(WSVN) - A South Florida man can only use hand sanitizers without alcohol, but his gym requires members use their alcohol-based sanitizer. Can they do that? The answer to that and more in tonight’s Help Me Howard with Patrick Fraser.
Jaye could be one of those before and after pictures.
This was Jaye in 2016. This is Jaye today.
Jaye Allen: “I was 310 pounds about four years ago. I lost over 70 pounds, so the gym is my release.”
The gym makes him happy, and now with COVID, the gym is creating a headache.
Jaye Allen: “I do get tested for alcohol and narcotics, and the one thing they tell you to use is to stay away from all alcohol-based products — sanitizers, mouthwashes, things of that nature.”
As part of a court-ordered deal, Jaye carries his own alcohol-free sanitizer, and then, one day, he walked into his gym where the manager told him he had to use their hand sanitizer.
Jaye Allen: “The reason I had to use his was because he knows what’s is in his hand sanitizer, and he doesn’t know what’s in mine.”
Jaye showed them the alcohol-free sanitizer he uses and explained if he used their sanitizer with alcohol, he could get in trouble.
Jaye Allen: “And he pretty much told me that that’s fabrication. That is not correct, it’s not accurate and that if I want to use his gym, I must use his hand sanitizer, and I cannot provide my own.”
Jaye tried to reason with the gym manager — didn’t work.
Jaye Allen: “He mentioned that there’s a $15,000 fine, that he’s not putting himself at risk, and that either I use his hand sanitizer or I have to find somewhere else to work out.”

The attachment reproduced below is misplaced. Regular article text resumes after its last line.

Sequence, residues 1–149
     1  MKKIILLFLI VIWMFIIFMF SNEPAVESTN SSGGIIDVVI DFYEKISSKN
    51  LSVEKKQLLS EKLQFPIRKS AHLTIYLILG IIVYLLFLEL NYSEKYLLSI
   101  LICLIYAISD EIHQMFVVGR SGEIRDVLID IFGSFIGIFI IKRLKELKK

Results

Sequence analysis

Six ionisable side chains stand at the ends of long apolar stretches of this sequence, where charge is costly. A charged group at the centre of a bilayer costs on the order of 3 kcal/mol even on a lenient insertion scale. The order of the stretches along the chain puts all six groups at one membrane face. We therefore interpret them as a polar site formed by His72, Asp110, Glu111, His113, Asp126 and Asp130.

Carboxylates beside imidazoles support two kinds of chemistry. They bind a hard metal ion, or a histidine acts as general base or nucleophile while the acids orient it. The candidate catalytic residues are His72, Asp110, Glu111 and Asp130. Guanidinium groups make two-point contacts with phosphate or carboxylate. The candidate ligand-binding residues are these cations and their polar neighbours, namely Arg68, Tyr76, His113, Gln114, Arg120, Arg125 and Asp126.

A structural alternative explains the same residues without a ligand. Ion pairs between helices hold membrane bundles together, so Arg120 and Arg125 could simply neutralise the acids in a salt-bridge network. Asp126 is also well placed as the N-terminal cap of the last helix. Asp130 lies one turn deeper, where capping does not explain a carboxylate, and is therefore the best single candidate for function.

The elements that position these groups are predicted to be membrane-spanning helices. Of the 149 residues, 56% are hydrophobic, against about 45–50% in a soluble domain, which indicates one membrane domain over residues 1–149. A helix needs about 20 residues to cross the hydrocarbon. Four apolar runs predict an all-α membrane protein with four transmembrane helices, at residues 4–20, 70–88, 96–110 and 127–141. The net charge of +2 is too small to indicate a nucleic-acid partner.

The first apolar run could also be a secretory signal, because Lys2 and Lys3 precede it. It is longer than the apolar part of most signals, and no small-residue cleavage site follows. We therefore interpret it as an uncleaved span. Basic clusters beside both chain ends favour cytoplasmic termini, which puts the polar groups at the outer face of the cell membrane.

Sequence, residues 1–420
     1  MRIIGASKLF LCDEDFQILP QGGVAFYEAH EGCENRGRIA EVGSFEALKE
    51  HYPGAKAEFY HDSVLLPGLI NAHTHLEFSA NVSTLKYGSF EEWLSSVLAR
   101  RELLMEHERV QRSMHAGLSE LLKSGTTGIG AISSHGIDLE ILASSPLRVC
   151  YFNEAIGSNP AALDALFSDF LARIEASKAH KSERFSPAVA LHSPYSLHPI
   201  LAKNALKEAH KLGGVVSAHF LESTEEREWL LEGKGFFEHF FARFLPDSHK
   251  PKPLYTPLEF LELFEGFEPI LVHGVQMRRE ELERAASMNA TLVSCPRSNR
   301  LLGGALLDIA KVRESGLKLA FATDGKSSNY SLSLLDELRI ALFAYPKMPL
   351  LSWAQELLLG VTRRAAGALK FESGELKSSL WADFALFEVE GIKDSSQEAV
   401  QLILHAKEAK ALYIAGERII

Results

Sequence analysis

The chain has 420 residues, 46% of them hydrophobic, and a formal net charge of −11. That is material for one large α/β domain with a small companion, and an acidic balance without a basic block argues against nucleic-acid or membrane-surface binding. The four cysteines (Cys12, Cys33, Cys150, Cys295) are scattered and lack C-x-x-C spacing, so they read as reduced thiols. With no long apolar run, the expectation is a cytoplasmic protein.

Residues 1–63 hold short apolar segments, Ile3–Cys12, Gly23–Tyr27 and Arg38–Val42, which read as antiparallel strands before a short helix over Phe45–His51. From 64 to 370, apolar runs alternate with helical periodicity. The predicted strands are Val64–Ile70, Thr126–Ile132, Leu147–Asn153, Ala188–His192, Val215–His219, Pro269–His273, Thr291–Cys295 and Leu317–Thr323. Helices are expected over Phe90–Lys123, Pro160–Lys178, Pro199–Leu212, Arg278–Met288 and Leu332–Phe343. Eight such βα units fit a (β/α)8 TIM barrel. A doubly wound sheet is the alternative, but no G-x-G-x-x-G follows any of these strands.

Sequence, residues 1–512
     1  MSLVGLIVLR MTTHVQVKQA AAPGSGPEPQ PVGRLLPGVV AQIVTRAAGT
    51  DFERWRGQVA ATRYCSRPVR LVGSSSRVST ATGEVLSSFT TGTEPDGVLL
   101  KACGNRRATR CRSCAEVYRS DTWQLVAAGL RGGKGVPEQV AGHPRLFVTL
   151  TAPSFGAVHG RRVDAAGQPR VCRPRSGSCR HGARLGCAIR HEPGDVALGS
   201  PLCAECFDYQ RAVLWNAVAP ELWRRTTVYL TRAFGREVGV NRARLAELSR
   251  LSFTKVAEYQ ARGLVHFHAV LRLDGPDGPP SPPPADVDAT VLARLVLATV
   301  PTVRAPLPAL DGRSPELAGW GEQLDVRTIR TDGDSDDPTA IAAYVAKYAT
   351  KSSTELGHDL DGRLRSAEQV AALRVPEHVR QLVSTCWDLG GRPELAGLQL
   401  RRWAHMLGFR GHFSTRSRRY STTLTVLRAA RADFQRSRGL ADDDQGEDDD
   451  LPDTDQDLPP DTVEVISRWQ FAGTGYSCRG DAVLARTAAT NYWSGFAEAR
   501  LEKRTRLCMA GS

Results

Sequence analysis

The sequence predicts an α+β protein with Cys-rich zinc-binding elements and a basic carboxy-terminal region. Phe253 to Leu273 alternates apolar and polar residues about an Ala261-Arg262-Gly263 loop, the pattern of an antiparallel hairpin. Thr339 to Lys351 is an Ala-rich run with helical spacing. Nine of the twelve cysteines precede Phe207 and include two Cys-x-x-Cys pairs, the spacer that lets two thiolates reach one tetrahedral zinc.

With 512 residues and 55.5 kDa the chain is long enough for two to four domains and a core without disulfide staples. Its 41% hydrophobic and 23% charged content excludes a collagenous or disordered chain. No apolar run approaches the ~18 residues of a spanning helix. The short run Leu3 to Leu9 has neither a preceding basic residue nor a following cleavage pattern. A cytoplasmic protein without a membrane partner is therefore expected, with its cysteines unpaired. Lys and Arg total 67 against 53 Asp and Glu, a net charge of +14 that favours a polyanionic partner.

The manager says he will be fined by the county if he lets Jaye use his own hand sanitizer. Is the manager right or wrong, Howard?
Howard Finkelstein, 7 News Legal Expert: “He’s wrong. The county order requires the gym to provide sanitizer for its staff and customers, but it does not say anything about a customer using their own hand sanitizer or just soap and water, so Jaye can use his own.”
Many people who are not paying rent have not been evicted because of the state and federal eviction bans.
One fellow said his landlord won’t fix a broken appliance until he pays the rent. Is that legal for the landlord to do?
Howard Finkelstein: “No, because you have a contract, and your landlord has to maintain the rental, but the tenant is out of luck because your remedy is to send a seven-day letter threatening to withhold rent or move out if the appliance is not fixed, but you aren’t paying rent, and you can’t move out, so a tenant really can’t do anything about it.”
The coronavirus moved Florida into what the governor calls Phase Three, lifting many restrictions, but a condo owner said their board still won’t open the pools and other amenities, even though residents are paying for pool maintenance. Does the board have to open things now, and if not, when?
Howard Finkelstein: “No, they still do not. Because the board has the obligation to keep the community safe, they do not have to open the amenities when they think it’s appropriate.”
Jaye Allen: “I’m very happy that you guys were able to help me sort things out.”
And we did. The gym rep told us they spoke to Jaye and “apologized for the misinterpretation of the Broward County order,” adding he is “welcome to bring his own hand sanitizer” to the gym, leaving them with a happy customer.
Jaye Allen: “No, no hard feelings. You know, at the end of the day, what I thought was right by the client was ultimately done. That’s what I was asking for.”
That’s the way you run a business. If you make a mistake, admit it and move on, and if you have a problem you can’t solve, a question you want answered, remember we have been here for 21 years helping you, and we are not about to stop when you need us more than ever.
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